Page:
An international standard to be set for gaming?

*This topic was originally covered in an article from Kotaku. (11 Oct 2021)

The map is laid out on the table, and everyone is gathered around it making notes as their characters advance into the unknown depths. The dimly lit corridors are incrementally exposed as the field of vision from the characters reveal more and more of the labyrinth. However, players often hear things measured using the Imperial System.

“Each block on the grid represents xx feet on the map.”

What’s important here is not the phrase itself, rather the unit of measurement. This kind of statement has been codified in gaming manuals for as long as the games themselves have existed. Why? Because the biggest most popular game of all was invented in the United States, one of the only countries on the planet to NOT use the metric system.

The argument is perfectly rational. Most people use the metric system, why not just make the switch? Because the metric system is also exclusive, or that is to say, not everyone uses it.

At the bare minimum, couldn’t Wizards of the Coast just put both systems in their content? For example, “The hallway is about 20 feet (6 meters) from door to door…” would be a very easy way to do it. Then everyone is happy. Best of both worlds.

The Kotaku article explains, accurately, that most people that run games create their own material, but it also puts the burden squarely on their shoulders to make adjustments for things like systems of measurement. For my own part, when I create material, I tend to simply refer back to whatever is in the rulebooks I’m citing. Often, it’s the imperial system of measurement. It really is just easier to because everyone that has a seat at the table will be referencing the same rule book, even if it means everyone is referencing something that they don’t immediately relate to.

Then there’s the part of me that wants games to simply do away with formal systems of measurement. Recently, I wrote a review for the Talisman RPG. In that system, there is no real world system for weight, and no scale for measurement on the map. Sounds weird, right? Weight is handled in abstract units called “Load”. A suit of armor is equivalent to “X” load points. At varying thresholds, characters will feel negative effects if they endeavor to carry too much stuff, and this is articulated in units of load. Very useful, and relatable. The lack of scale for distance on a map means that it can be anything. People could chart miles, kilometers, or even “cubits“.

(There is a history of systems of measurement. Definitely the kind of thing gamers should look into!)

The bottom line here is that Wizards of the Coast is reaching at this point not to at least begin incorporating the metric system into their rules. While it is true that the preponderance of human civilization uses the metric system, the fact that there are other people using the imperial system means they should be included as well. Inclusive gaming matters, even when it comes to measuring things. Just do the easy thing, and implement metric and imperial systems, WotC! Then again, it’s hard to imagine hearing players saying, “OK, I’m at the tavern and I order a half-liter of ale at the bar.” Maybe some things are better left alone.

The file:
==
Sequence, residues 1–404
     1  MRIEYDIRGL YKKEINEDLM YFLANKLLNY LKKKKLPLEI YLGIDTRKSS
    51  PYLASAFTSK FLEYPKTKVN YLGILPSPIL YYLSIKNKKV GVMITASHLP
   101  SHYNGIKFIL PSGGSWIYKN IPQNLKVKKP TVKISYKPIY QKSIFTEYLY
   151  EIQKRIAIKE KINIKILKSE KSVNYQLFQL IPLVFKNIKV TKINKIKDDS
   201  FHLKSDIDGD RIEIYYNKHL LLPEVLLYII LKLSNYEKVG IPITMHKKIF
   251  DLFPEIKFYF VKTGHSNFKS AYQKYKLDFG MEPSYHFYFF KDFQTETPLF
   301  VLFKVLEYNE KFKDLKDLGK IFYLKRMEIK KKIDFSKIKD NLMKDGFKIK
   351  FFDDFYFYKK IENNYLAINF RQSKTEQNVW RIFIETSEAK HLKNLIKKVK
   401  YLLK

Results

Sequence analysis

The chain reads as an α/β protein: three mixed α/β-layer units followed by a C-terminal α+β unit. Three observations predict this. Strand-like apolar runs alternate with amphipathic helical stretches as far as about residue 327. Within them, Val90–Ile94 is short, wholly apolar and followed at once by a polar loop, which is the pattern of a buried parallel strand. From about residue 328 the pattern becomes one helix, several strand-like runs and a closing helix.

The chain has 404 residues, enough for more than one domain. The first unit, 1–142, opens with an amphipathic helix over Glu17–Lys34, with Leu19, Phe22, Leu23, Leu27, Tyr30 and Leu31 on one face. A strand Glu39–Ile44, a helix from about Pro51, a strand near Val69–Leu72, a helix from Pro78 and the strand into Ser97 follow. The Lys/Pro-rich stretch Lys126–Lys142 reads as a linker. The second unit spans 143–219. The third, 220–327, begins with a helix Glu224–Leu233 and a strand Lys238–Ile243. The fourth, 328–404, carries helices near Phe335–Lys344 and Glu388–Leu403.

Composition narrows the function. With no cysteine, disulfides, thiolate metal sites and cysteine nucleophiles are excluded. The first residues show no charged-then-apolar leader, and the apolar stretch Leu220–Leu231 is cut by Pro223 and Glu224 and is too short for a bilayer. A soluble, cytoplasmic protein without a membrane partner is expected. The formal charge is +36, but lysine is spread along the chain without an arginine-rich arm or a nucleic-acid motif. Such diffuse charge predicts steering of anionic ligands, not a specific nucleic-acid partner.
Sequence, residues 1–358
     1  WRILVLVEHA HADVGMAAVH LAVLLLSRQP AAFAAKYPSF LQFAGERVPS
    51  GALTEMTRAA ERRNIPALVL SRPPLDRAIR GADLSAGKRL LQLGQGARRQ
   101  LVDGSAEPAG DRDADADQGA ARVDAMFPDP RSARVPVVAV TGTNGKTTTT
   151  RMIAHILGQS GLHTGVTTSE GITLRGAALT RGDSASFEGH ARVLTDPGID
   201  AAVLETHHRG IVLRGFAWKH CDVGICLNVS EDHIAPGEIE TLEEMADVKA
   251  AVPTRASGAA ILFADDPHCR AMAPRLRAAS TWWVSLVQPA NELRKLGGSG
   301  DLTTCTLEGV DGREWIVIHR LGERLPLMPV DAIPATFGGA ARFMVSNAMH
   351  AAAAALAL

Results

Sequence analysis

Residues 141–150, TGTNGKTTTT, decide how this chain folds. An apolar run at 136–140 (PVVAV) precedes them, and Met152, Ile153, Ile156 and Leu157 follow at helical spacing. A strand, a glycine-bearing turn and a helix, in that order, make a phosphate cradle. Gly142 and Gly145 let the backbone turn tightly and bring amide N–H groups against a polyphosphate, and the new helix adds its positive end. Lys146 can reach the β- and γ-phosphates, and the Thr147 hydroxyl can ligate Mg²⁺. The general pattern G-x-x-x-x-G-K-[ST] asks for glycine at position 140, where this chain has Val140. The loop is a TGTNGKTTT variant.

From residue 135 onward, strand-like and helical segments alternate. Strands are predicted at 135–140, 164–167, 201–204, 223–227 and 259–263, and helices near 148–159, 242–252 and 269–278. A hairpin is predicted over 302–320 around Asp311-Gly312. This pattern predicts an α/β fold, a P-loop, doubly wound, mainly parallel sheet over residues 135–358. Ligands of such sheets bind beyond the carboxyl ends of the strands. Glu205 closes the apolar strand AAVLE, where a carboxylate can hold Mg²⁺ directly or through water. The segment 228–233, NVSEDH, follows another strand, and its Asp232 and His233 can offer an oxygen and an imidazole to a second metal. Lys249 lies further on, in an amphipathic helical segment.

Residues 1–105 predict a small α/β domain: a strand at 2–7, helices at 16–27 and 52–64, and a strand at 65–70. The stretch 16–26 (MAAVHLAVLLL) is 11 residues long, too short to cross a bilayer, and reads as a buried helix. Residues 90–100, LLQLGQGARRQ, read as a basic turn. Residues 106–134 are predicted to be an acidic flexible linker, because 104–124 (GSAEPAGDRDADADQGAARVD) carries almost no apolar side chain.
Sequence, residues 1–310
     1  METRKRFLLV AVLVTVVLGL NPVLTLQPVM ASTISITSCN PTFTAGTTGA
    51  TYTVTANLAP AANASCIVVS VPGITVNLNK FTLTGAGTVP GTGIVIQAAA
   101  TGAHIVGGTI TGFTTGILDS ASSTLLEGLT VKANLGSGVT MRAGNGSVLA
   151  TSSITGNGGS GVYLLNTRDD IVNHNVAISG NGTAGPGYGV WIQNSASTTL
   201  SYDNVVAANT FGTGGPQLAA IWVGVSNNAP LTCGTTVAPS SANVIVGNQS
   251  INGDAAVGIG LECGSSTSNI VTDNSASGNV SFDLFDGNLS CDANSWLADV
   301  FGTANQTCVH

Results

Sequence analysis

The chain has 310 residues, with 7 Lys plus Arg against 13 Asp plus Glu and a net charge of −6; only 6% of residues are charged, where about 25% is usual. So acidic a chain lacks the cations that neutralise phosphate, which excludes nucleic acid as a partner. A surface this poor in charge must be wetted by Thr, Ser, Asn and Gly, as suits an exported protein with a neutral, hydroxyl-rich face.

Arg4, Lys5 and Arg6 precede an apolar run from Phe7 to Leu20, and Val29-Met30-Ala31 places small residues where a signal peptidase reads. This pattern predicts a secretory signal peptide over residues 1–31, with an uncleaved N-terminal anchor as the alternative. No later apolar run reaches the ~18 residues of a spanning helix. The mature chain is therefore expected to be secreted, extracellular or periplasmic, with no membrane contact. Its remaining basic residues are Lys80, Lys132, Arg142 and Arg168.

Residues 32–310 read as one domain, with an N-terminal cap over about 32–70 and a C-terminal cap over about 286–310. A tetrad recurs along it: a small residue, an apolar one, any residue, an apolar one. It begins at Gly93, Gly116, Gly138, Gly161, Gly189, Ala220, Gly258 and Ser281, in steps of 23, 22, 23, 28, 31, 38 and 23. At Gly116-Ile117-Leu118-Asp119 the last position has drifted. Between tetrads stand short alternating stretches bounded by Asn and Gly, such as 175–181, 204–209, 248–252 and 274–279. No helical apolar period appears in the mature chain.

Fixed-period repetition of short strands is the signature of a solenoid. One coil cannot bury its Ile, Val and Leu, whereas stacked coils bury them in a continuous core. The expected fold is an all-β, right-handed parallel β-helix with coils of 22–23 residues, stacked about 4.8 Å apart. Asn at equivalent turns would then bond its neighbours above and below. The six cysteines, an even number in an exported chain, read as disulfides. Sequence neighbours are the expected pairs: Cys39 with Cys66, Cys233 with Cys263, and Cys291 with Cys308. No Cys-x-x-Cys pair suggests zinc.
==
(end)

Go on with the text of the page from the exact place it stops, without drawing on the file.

Achtung Cthulhu: Seventh inning Slaughter. RPG review

*this was originally posted to the British Fantasy Society’s website. Also, I have no affiliation with Modiphius, and received no compensation for the creation of this review.

Peanuts! Cracker Jacks! Freakish rituals during the seventh-inning stretch! There’s even a chance of protecting Franklin Delano Roosevelt?  In Seventh-Inning Slaughter, a brand new mission for Achtung Cthulhu! 2d20, by Modiphius, Players will be tasked with preventing an ambitious Back Sun member from carrying out his horrifying scheme. 

This mission, one that incorporates historical events, is a very clever way to challenge newer players or keep experienced gamers on their toes. It’s very well-conceived, and the mission is a self-contained one-shot. Not everyone will like the linear design since there isn’t an obvious way to leave the mission if they want to. However, there is a clear beginning, middle, and end to this fast-paced adventure. Everyone will understand what’s being asked of them, and why. 

Right from the beginning, the pressure is on.  This mission is on a timer of sorts and the structure follows the progress of the game. The challenge will come with keeping up with the pace of the events as they unfold and feeling comfortable with any potential outcomes once a course of action has been chosen.

During World War 2, there was a women’s baseball league in the United States since many men were off fighting the war. It’s fun to see this get a nod in Achtung Cthulhu. There’s even a quick note early in the text suggesting movies players can watch for inspiration.